Praise for Nella Larsen and Passing
“The genius of this book is that its protagonists . . . are complex and fully realized. . . . The work of a highly talented and thoughtful writer.”—Richard Bernstein, The New York Times
“[Larsen’s novels] open up a whole world of experience and struggle that seemed to me, when I first read them years ago, absolutely absorbing, fascinating, and indispensable.”—Alice Walker
“[Larsen] offers characters so honest and desperate to be whole that we cannot help but champion their humanity.”—From the introduction by Ntozake Shange
Nella Larsen (1891–1964) was the author of several short stories and two novels, Quicksand and Passing. She received a Guggenheim Fellowship to write a third novel in 1930 but, unable to find a publisher for it, she disappeared from the literary scene and worked as a nurse in New York City.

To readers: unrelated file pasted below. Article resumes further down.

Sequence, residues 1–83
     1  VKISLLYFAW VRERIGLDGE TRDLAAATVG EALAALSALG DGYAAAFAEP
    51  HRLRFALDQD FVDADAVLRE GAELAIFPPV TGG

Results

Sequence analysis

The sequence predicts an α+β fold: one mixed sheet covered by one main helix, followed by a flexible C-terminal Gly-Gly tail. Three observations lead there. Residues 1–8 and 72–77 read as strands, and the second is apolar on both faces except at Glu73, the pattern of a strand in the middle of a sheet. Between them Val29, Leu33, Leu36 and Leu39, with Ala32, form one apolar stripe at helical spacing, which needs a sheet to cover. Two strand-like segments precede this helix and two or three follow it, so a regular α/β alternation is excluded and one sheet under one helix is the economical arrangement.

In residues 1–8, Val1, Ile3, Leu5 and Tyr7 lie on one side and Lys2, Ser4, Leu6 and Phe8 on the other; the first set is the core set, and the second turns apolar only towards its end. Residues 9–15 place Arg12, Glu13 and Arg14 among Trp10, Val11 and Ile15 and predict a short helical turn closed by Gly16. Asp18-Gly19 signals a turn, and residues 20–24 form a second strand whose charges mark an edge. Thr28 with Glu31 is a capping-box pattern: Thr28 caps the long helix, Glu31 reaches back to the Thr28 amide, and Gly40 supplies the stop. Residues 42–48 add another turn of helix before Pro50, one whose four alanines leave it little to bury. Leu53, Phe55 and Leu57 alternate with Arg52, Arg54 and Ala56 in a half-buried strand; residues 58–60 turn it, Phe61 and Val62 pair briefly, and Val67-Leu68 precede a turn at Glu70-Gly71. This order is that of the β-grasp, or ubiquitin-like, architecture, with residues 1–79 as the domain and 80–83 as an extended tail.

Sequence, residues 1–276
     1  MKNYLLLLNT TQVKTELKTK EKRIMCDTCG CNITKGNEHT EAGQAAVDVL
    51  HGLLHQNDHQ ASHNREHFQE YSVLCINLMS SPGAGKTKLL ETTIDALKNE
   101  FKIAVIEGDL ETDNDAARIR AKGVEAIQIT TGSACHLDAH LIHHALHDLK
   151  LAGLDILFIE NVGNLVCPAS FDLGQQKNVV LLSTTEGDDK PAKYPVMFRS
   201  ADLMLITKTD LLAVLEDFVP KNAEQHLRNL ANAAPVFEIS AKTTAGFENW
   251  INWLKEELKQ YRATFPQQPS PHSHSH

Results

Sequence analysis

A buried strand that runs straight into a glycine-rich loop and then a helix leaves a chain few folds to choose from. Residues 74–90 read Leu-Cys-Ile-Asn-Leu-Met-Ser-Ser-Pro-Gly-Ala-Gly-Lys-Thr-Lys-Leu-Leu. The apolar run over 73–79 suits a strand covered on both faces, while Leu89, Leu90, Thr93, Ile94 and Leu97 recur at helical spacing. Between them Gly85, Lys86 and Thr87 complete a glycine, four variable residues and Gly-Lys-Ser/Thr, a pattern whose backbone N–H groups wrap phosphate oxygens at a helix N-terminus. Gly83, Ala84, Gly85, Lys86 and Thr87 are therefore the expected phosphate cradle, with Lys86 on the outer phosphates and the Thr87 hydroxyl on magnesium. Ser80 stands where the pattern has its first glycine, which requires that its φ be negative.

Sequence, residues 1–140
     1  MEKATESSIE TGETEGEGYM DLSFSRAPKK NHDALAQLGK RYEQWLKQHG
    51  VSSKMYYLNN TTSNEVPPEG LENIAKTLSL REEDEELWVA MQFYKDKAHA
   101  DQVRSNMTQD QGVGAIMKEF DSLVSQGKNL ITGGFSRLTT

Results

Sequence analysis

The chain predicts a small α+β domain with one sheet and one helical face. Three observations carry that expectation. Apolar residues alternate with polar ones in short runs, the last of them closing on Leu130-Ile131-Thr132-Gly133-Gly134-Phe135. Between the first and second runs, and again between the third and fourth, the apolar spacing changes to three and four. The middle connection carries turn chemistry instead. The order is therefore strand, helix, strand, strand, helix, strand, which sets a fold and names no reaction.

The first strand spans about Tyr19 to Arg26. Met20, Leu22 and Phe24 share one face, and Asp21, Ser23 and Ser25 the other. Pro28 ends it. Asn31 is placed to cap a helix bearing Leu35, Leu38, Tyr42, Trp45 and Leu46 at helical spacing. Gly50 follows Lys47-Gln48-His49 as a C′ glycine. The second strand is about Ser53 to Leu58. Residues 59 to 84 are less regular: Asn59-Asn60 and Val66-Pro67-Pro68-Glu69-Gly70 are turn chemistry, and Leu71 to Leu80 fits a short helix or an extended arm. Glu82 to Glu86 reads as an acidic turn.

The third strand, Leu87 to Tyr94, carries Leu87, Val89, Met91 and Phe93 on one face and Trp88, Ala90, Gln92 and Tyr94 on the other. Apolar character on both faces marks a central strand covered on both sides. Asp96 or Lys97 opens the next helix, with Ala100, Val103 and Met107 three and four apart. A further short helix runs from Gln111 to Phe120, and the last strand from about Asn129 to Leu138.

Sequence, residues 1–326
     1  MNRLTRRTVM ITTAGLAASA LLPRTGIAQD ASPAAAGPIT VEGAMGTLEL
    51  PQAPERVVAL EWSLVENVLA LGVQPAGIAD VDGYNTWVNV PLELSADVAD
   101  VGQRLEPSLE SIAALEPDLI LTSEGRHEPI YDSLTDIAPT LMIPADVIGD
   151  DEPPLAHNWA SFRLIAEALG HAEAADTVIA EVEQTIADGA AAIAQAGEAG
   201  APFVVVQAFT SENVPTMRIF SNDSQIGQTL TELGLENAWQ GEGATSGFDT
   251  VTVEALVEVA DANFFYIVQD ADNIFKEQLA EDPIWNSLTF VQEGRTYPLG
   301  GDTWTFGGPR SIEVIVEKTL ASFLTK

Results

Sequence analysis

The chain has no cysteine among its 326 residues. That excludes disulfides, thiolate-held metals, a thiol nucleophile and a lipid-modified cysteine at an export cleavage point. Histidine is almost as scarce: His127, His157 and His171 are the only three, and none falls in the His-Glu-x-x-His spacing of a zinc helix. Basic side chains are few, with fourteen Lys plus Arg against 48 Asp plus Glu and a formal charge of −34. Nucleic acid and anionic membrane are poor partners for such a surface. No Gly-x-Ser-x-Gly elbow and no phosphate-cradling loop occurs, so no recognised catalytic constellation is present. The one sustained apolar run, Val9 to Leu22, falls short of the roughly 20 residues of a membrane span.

Ntozake Shange is an American playwright and poet. Shange is a black feminist and a critic of the Black Arts Movement. She majored in American Studies at Barnard and earned a master's degree in the same field at UCLA. Her most famous work, for colored girls who have considered suicide/when the rainbow is enuf, moved from Off-Broadway to Broadway and won the Obie Award, the Outer Critics Circle Award, and the AUDELCO Award.
Mae Henderson is a professor of English at the University of North Carolina at Chapel Hill. She is the author of numerous articles on pedagogy, diasporic writing and performance, cultural studies and cultural criticism, as well as black feminist criticism and theory. Her essay "Speaking in Tongues: Dialogics, Dialectics, and the Black Woman Writer's Literary Tradition" has been widely anthologized. Henderson is also the editor of Black Queer Studies: A Critical Anthology and Borders, Boundaries and Frames, and coeditor (with John Blassingame) of the five-volume Antislavery Newspapers and Periodicals: An Annotated Index of Letters, 1817–1871.